“Quite a lot of German people have an affiliation with reland and Ireland culture generally. And the fact that hurling has such a history and is so old, I think they just kind of find it fascinating, to be honest.”
Setanta Berlin play Hurling, Camogie, Gaelic Football, and Ladies Football at all levels, but the majority of their players are youth players who benefit from a really well-run coaching infrastructure that includes an annual Cúl Camp.
“This was our fifth year of running a Cúl Camp,” says Kavanagh. “We do it from ages three to 16 because we have such a broad age group. I have trained up our teenagers and now youth coaches to do it. And they're pretty much now running the show.
“I'm still Cul Camp coordinator but what would have been our participants are now the trainers and they're all qualified with the foundation/introduction to Gaelic games coaching course.
“We had a couple of kids who've done Cúl Camps at home and they said that ours was much better, so we were delighted to hear that.
“I’m one of three coaches who’d take a week’s holidays every year to run the camp and I actually can’t imagine not doing that at this point because it’s so much fun.”
The Covid-19 pandemic underlined the importance for clubs based outside of Ireland of engaging with their local population rather than mainly making up their numbers with Irish migrants.
Many clubs who relied largely on Irish students or migrant workers struggled when they returned home in droves when the pandemic hit, whereas it wasn’t an issue for Setanta Berlin because they’re so rooted in their local community.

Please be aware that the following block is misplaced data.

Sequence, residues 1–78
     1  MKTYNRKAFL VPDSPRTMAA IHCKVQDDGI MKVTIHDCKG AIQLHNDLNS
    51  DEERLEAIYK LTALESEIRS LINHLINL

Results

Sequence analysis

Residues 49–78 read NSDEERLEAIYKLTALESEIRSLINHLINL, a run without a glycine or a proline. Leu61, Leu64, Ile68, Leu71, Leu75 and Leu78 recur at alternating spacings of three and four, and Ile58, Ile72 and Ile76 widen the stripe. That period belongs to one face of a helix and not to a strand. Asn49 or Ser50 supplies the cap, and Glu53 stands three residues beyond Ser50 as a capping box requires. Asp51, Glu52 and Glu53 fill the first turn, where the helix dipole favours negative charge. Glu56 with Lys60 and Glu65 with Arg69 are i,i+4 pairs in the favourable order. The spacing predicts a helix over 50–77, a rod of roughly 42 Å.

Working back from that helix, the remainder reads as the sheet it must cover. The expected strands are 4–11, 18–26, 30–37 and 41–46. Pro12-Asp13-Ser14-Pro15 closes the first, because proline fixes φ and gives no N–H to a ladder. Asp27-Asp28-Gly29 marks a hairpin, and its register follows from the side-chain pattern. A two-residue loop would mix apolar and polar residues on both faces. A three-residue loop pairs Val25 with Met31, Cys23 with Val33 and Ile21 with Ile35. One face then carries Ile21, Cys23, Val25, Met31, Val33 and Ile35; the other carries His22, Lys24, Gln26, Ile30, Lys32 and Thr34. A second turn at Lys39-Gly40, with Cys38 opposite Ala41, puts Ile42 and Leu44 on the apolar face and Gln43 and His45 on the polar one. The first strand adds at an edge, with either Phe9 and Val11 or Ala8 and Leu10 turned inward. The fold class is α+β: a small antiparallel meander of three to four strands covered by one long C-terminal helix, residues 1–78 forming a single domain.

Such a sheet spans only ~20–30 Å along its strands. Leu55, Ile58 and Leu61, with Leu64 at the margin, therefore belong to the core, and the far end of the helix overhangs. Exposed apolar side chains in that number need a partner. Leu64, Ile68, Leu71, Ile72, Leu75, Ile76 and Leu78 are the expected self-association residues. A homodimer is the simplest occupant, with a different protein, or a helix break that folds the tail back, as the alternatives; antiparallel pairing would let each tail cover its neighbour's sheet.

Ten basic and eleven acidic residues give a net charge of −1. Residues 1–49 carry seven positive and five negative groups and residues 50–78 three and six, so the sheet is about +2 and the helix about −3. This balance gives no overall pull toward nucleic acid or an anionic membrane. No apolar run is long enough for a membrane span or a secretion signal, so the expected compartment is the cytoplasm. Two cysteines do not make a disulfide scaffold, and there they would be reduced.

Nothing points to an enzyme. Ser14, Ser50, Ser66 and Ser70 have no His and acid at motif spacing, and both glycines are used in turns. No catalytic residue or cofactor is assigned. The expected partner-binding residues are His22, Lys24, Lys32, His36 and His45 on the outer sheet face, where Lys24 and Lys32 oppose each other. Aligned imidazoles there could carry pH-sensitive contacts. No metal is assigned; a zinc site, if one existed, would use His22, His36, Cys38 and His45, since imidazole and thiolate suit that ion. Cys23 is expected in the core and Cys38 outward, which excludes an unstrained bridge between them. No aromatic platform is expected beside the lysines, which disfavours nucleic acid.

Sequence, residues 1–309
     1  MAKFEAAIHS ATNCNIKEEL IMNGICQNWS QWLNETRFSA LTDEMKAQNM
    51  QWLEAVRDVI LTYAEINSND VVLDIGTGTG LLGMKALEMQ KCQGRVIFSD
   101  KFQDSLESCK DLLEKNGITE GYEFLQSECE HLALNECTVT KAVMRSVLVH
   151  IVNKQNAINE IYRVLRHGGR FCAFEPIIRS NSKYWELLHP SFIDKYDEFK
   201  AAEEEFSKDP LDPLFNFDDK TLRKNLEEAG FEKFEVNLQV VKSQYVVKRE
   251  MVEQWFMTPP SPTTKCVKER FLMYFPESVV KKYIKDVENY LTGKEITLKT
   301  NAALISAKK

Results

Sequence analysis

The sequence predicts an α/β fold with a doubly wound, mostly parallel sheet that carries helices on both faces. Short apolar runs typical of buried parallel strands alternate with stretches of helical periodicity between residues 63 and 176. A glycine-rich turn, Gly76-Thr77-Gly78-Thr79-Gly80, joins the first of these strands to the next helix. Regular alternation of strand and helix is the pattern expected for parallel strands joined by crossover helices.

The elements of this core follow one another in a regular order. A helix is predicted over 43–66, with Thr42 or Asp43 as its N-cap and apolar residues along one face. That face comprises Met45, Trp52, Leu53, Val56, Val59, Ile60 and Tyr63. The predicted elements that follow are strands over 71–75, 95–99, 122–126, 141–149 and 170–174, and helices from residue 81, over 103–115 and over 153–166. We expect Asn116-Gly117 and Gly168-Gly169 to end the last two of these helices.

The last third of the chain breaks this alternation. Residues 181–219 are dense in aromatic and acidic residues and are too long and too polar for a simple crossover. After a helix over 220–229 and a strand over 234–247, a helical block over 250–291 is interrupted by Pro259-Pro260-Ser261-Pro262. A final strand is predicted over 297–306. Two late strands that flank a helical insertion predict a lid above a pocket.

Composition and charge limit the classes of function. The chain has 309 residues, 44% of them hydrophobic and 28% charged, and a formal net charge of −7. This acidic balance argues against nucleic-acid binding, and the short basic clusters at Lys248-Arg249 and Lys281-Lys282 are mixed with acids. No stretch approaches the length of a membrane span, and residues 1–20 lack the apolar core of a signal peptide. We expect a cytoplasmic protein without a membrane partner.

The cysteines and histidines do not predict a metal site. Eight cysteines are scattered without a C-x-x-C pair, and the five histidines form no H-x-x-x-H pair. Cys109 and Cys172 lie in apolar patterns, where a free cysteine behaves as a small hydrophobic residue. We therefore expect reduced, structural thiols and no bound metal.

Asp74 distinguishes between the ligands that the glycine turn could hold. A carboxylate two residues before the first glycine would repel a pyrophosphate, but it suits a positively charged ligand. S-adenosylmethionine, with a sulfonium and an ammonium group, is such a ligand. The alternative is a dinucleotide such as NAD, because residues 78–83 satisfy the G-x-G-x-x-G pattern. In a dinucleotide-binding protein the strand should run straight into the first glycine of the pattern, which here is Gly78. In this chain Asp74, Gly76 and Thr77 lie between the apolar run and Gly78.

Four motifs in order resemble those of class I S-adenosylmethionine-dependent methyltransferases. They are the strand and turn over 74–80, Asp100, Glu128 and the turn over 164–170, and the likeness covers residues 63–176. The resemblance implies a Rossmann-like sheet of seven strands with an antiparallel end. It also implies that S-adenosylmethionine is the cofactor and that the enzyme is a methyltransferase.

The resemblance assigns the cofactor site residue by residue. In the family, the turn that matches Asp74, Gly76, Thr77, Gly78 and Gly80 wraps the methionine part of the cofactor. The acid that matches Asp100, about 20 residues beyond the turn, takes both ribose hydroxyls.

Kavanagh believes that sort of self-sufficiency should be the model for all clubs based outside of Ireland.
“I always argue the need to have coaches trained within the clubs, not bringing people over to do this. You ned to have local coaches and local referees as well as local players.
“It’s important to set up the infrastructure here so that you can keep people going and stop this reliance on Ireland because it's not sustainable and it's too expensive to keep things going by doing that.
“I know there's other clubs that have run some Cúl camps weekends, but they brought the people over from Ireland, hence making it a very expensive endeavour.
“We're all about the grassroots. And that's why everybody gets to play regardless of how good they are. We could put just Irish players out, but we're not going to do that because that kind of ruins the whole point of what we're trying to do here.”
They’re building on solid foundations because they’re very much a family-driven club, which helps ensure a continuity of commitment.
Kavanagh doesn’t just hope her own club can grow further in the coming years, she believes its possible for Gaelic games to put down new roots across Germany.
“I hope we continue to see a proliferation of the clubs in Germany,” she says. “And, with that, then, hopefully more youth coming on. I mean, you see the success of it in France, right? It's phenomenal what they've done there.
“But I think in order to do that here, we need to continue to put the investment into training of coaches, providing systems to get facilities. One of the huge things in Germany is trying to get access to pitches. So however that can be supported, we need to support it.
“We were very lucky to have a lot of people with a lot of influence in the city that we were able to get a pitch. And then once you get your foot in the door, you can work on it. So that's a huge thing.
“A lot of our players are going off to university and we're giving them the skills that they can then introduce it when they are in university.
“So, I hope that we'll start to see a greater network and something to go towards at that level.”